B. Note the synonym for this word—longsuffering). Longsuffering means that quality of
self-restraint in the face of provocation which does not hastily retaliate or promptly punish.
It is the opposite of anger and is associated with mercy (Vine’s Dictionary).
2. In other words, we are to live with humility, meekness, forbearance, self-restraint, and
forgiveness in regard to other people’s faults and flaws—turn from self and hold back that
tendency to go off on them and pay them back.
2. Yes, but this person is an idiot. He may be—according to every standard that you hold dear. But the
only person you have control over is you. And, the Bible wasn’t written to tell other people how to treat
you. It was written to tell you how to treat other people.
a. Remember God’s standard for how we are supposed to treat each other—treat them as you wish to
be treated. How would you want to be treated if you were him and he was you?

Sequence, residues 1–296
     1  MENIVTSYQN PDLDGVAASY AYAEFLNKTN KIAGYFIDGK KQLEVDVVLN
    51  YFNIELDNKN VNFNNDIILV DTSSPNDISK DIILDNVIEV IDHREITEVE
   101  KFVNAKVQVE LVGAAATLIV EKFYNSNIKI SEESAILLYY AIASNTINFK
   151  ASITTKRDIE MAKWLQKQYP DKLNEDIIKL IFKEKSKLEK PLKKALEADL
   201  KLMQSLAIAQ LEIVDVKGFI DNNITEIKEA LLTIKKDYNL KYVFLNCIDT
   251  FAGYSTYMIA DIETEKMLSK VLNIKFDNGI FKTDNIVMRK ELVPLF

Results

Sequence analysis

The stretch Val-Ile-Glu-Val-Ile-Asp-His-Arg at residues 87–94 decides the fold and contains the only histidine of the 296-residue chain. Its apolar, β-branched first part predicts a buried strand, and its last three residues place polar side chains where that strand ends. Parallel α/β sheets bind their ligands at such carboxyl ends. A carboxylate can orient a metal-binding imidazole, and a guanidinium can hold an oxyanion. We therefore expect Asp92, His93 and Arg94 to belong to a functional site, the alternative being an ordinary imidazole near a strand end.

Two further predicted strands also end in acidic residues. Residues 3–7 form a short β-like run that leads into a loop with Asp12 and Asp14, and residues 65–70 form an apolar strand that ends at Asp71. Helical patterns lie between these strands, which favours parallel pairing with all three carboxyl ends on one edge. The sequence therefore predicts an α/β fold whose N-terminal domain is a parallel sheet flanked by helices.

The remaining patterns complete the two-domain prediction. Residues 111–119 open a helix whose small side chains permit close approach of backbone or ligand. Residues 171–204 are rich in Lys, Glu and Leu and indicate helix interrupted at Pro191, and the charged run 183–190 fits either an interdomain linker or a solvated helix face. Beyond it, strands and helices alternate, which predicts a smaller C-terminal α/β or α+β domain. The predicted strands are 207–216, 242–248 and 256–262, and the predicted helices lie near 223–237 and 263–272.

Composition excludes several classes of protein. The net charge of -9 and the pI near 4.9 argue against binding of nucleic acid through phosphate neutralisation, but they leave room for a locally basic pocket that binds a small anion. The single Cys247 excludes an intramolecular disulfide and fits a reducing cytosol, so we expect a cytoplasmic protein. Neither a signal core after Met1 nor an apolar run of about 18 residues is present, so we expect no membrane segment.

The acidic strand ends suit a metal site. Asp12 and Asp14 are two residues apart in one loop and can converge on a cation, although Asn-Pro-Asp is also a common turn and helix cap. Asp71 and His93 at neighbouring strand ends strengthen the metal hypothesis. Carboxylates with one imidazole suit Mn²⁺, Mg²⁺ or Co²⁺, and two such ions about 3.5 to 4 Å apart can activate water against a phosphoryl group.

b. Do you really think that no one ever looks at you and thinks: He’s an idiot! Do you want people to
regard you as an idiot when you simply made a mistake, or are unaware of what you did, or when
you believe that you have a good reason for what you’re doing?
1. In the famous “love” chapter found (I Cor 13) Paul wrote that: Love bears up under anything
and everything that comes, is ever ready to believe the best of every person (I Cor 13:7, Amp).
2. Bears up under (beareth) literally means to roof over. It’s used figuratively to mean to cover
with silence and endure patiently (more on this in a moment).
c. You don’t have to like everyone or agree with their opinions, choices, decision making skills, or
behavior. But you do have to believe the best—that they don’t know what they’re doing or that
they think they have a good reason for what they are doing, as opposed to: That’s a stupid idiot.
1. We often assess other people and their actions from a position of superiority instead of as a

servant—I’d never be that stupid. But we need to realize that we are capable of doing just